Kentucky Court of Justice
Judicial Nominating Commission releases names of nominees to fill vacancy on Kentucky Court of Appeals
The Judicial Nominating Commission, led by Chief Justice Joseph E. Lambert, met April 16 at the Capitol to choose nominees to fill a vacant position on the Kentucky Court of Appeals. The nominees for the 3rd Appellate District, Division 1, are attorneys James I. Howard, Marcia A. Smith and Susan Michele Wilson.
Attorney James I. Howard resides in Edmonton and currently serves as a special judge on the Kentucky Court of Appeals. He was previously affiliated with Hensley, Ross & Howard. He earned a bachelor's degree from Asbury College and a juris doctor from Duke University.
Attorney Marcia A. Smith currently practices law in Corbin.
Attorney Susan Michele Wilson resides in Stearns and has served as the assistant county attorney for McCreary County since 1990. She earned a bachelor's degree from Lincoln Memorial University and a juris doctor from the Northern Kentucky University Chase College of Law.
The appointee to this vacancy will serve until one of the candidates for this position wins the November general election and takes the oath of office. According to the Kentucky Secretary of State’s Web site, six candidates have filed to run for this vacant judgeship in the May primary: Clay M. Bishop Jr., Michael O. Caperton, Larry E. Conley, Jeff Eastham, Paul F. Henderson and James I. Howard.
The 3rd Appellate District consists of Adair, Bell, Casey, Clay, Clinton, Cumberland, Estill, Garrard, Green, Jackson, Knox, Laurel, Lee, Leslie, Lincoln, Marion, McCreary, Metcalfe, Monroe, Nelson, Pulaski, Rockcastle, Russell, Taylor, Washington, Wayne and Whitley counties.
Kentucky Constitution Addresses Judicial Vacancies
Section 118 of the Constitution of Kentucky imposes on the Governor the duty of appointing an interim judge when a judicial vacancy occurs. Section 118 also mandates that it is the responsibility of the Chief Justice to convene and preside over meetings of a Judicial Nominating Commission to select three qualified applicants from which the Governor must appoint. For circuit judges and district judges, the nominating commissions are local and the members selected from within the judicial circuit or district. A statewide nominating commission is convened to fill vacancies on the Court of Appeals or the Supreme Court.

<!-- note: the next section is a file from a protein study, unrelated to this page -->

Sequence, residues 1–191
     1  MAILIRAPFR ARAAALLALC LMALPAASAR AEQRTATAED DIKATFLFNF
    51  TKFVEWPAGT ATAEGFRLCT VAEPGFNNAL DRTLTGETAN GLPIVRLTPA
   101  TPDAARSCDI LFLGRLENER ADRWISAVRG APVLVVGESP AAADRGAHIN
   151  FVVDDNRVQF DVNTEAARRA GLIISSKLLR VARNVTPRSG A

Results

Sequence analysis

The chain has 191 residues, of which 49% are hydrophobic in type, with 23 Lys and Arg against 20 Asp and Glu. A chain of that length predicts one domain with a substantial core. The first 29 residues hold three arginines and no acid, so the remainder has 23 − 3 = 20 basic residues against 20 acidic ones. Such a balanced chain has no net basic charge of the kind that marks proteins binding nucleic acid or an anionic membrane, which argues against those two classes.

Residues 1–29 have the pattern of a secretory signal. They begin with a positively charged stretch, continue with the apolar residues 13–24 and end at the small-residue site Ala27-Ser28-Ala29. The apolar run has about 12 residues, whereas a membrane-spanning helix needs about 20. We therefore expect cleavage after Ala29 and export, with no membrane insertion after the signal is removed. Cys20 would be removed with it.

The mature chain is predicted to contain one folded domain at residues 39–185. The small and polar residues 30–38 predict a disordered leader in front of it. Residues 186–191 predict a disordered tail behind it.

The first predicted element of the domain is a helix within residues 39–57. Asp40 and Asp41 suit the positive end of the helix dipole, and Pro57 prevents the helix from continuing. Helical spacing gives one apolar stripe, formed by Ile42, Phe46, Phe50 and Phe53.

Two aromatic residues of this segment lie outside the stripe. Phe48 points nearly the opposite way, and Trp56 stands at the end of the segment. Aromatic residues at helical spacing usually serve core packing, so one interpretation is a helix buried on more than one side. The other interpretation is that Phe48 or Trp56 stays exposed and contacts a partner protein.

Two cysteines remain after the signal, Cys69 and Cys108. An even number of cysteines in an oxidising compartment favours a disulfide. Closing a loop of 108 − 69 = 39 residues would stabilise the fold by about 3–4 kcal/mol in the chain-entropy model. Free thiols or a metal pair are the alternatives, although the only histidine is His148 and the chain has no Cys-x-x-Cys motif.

Judicial Nominating Commission Process
When a judicial vacancy occurs, the executive secretary of the Judicial Nominating Commission sends a notice of vacancy to all attorneys in the judicial circuit or the judicial district affected. Attorneys can recommend someone or nominate themselves. Once that occurs, the individuals interested in the position return a questionnaire to the Office of Chief Justice. The Chief Justice then meets with the Judicial Nominating Commission to choose three nominees. The names of the applicants are not released. However, once the Judicial Nominating Commission has determined the names of the three finalists to be sent to the governor for selection, the Judicial Branch makes the names available to the public and the media. The credentials of these three nominees are sent to Gov. Ernie Fletcher for review. When the governor appoints the replacement, his office makes the announcement.
Kentucky Court of Appeals
The Kentucky Court of Appeals, along with the Supreme Court of Kentucky, was formed after the 1975 enactment of the Judicial Article that created Kentucky’s unified court system. Fourteen judges, two elected from each of the seven appellate districts, serve for eight-year terms. With a few exceptions, most cases appealed from Circuit Court go to the Court of Appeals. The case is reviewed, not retried, at the appeals level, with attorneys presenting the legal issues to the court for a decision. Court of Appeals judges are divided into panels of three to review and decide cases, with the majority deciding the outcome. The panels do not sit permanently in one location, but move about the state to hear appeals. When the Court of Appeals publishes its rulings on cases, those rulings become the governing case law for all similar cases in the trial courts of Kentucky.
The Administrative Office of the Courts is the operational arm of the Kentucky Court of Justice and supports the activities of more than 3,500 court system employees, including the elected offices of justices, judges and circuit court clerks.